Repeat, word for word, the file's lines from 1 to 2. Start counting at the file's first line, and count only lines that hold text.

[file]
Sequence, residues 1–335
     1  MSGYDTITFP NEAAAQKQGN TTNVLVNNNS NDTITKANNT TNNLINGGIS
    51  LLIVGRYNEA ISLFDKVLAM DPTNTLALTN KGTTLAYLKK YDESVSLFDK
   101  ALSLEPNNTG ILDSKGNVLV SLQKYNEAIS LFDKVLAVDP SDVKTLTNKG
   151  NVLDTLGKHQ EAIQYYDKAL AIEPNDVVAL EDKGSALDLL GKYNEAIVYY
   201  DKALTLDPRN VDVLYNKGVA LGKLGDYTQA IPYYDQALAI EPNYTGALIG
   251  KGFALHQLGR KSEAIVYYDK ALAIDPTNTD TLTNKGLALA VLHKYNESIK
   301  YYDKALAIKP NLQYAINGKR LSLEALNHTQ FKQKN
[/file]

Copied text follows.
Sequence, residues 1–335
     1  MSGYDTITFP NEAAAQKQGN TTNVLVNNNS NDTITKANNT TNNLINGGIS